PPE Regulation (EU) 2016/425

Establishes guidelines and requirements for the design, manufacturing, and use of PPE to ensure the health and safety of employees. 

Employer Requirement

Risk assessment

Employers must conduct a thorough risk assessment to identify hazards that require PPE.

Providing Suitable

PPE Employers are responsible for providing suitable and CE-marked PPE to protect employees.


Clear instructions and training on proper PPE use must be provided to employees.


Employers should regularly inspect, maintain, and replace damaged or expired PPE.


Protocols for monitoring PPE usage, compliance, and effectiveness need to be established.


Adhering to the regulation prioritizes employee safety and creates a safe working environment.

Employer Consequences

Legal Penalties:

Non-compliance with the regulation can lead to legal consequences. If violations are identified, employers may face fines, penalties, or legal action. Occupational Health and Safety Risks: Failure to comply with PPE regulations puts employees at risk. Without proper protective equipment, workers may be exposed to hazards that could result in injuries, illnesses, or even fatalities.

Reputation Damage:

Non-compliance with regulations can harm the reputation of employers. News of safety violations or incidents due to inadequate PPE can result in negative publicity, loss of public trust, and damage to the company’s brand image.

Employee Dissatisfaction and Legal Claims:

Employees perceiving that their safety is compromised due to non-compliant PPE, can lead to dissatisfaction and low morale.

Increased Insurance Costs: 

Insurance companies may consider non-compliance with safety regulations as a risk factor when determining premiums.

What Is An Arc Flash?

An arc flash is a sudden release of electrical energy that occurs when current jumps across a gap between two conductors or from a conductor to a ground. The arc flash generates an intense burst of heat and light that can cause serious injuries, damage to equipment, and fires.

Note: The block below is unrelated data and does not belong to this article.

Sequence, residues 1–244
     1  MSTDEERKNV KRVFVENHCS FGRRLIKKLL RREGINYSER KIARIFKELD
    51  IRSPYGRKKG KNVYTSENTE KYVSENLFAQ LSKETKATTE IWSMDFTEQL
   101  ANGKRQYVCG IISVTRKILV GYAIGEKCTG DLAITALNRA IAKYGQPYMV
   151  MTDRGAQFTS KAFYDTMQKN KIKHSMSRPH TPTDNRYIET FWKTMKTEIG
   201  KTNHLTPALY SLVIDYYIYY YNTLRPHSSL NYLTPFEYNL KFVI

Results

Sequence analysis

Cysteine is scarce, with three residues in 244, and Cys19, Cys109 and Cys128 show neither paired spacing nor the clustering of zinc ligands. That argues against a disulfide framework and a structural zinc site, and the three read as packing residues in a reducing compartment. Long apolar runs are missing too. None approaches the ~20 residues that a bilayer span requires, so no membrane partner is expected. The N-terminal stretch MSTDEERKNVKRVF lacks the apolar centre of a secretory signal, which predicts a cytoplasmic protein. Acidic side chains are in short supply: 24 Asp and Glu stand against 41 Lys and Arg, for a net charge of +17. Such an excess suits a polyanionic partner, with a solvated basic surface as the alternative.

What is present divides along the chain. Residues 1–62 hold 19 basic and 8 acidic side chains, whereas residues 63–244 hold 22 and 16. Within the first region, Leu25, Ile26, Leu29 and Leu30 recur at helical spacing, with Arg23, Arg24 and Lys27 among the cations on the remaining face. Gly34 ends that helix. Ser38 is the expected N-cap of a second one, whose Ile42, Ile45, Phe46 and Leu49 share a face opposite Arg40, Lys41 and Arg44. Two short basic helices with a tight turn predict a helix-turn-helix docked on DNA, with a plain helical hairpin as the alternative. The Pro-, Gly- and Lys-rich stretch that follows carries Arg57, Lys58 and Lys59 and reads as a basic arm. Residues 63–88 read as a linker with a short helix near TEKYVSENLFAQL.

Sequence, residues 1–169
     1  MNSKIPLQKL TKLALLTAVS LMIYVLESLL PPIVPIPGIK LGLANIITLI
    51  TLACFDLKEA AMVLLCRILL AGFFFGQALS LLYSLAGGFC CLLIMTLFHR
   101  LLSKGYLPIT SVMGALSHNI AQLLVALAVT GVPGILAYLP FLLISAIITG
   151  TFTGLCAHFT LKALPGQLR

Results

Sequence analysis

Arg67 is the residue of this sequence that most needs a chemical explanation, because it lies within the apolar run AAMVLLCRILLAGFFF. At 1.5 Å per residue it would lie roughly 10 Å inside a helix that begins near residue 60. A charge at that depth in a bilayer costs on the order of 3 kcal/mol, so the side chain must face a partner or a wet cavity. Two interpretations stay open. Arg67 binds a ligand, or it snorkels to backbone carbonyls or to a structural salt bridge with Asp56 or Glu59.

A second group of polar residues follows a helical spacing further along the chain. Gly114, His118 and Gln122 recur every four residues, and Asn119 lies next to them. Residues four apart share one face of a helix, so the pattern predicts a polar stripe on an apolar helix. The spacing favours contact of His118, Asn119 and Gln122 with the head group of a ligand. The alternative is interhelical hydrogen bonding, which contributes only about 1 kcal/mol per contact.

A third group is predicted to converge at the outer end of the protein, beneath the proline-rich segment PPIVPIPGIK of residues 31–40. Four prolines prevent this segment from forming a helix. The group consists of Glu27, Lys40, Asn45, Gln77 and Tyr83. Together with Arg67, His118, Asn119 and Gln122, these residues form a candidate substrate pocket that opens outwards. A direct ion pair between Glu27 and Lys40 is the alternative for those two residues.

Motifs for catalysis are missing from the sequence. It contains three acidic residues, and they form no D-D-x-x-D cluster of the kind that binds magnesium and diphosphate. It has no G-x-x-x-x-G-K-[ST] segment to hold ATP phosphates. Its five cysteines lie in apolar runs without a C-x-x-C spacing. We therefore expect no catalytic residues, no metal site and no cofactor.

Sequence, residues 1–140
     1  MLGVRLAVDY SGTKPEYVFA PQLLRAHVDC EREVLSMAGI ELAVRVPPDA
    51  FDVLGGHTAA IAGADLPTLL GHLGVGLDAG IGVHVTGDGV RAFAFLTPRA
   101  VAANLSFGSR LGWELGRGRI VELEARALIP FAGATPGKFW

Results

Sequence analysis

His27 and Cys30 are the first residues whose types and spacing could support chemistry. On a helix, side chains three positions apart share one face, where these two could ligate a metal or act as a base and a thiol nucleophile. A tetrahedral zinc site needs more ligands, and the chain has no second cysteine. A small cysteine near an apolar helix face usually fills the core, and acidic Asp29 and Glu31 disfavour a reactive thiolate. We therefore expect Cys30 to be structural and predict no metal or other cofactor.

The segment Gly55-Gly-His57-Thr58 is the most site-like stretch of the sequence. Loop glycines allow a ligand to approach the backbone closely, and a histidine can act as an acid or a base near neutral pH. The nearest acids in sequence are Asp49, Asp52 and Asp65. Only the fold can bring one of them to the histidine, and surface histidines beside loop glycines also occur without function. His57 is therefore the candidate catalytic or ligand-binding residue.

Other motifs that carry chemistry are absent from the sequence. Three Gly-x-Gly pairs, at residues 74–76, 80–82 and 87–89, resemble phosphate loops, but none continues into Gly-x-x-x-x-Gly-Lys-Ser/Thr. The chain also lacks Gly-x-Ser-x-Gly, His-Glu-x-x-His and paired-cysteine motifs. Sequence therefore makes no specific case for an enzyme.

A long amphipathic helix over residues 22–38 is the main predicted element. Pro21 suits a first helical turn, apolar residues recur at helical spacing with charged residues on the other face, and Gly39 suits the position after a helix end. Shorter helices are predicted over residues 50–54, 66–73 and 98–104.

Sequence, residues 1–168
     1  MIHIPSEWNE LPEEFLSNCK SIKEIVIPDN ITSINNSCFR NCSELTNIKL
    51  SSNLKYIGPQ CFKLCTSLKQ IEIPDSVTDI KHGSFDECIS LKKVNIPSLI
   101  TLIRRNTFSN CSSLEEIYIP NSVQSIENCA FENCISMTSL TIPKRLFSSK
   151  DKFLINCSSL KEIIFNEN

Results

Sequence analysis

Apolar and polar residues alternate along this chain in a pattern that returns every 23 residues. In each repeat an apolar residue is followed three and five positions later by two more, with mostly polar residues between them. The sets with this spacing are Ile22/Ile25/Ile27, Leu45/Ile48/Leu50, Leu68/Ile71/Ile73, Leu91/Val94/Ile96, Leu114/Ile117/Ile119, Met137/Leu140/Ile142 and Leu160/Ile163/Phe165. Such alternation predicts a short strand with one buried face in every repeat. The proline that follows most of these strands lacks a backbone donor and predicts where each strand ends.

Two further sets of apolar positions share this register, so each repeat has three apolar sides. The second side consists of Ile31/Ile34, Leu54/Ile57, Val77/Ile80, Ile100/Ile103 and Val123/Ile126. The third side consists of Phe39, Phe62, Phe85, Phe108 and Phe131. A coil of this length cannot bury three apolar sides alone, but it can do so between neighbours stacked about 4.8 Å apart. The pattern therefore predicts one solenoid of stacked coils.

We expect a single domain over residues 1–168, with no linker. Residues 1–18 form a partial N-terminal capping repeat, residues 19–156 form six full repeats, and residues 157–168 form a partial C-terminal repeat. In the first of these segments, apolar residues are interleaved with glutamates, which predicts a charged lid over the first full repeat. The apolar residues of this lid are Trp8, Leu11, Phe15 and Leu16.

Arc flashes can occur in a wide range of electrical systems and equipment, including switchgear, transformers, motors, and other high-voltage components. They can be caused by a variety of factors, including equipment failure, human error, or a short circuit.

The intense heat generated by an arc flash can cause severe burns, as well as ignite clothing and other materials in the surrounding area, leading to secondary fires. The bright light from the arc flash can also cause temporary or permanent vision damage.

To prevent arc flash incidents, it’s important to follow proper electrical safety procedures, including wearing appropriate personal protective equipment (PPE), de-energizing equipment before working on it, and maintaining a safe distance from energized equipment.

Understanding Arc Ratings and Calories

Now that you understand FR clothing is tested and given an arc rating, you know that the arc rating measures the amount of heat the flame resistant fabric blocks when exposed to electric arc. The arc rating is the number of calories that the garment is expected to “absorb” if exposed to an electric arc. Arc rating is, in essence, the level of protection provided to you, the wearer.

Calorie is the unit of measure of the heat energy of an arc flash and the protective level of FR clothing. The bigger the calorie number, the greater the heat energy level of arc flash and the greater the protective level of the clothing. You will be protected from an electric arc if your clothing has a higher calorie arc rating than the calories of heat generated by the arc.

While it does not matter if the fabric has an Ebt,  ATPV and or ELIM value, it is important to pay attention to the calorie level the fabric can support* (as expressed in cal/cm2)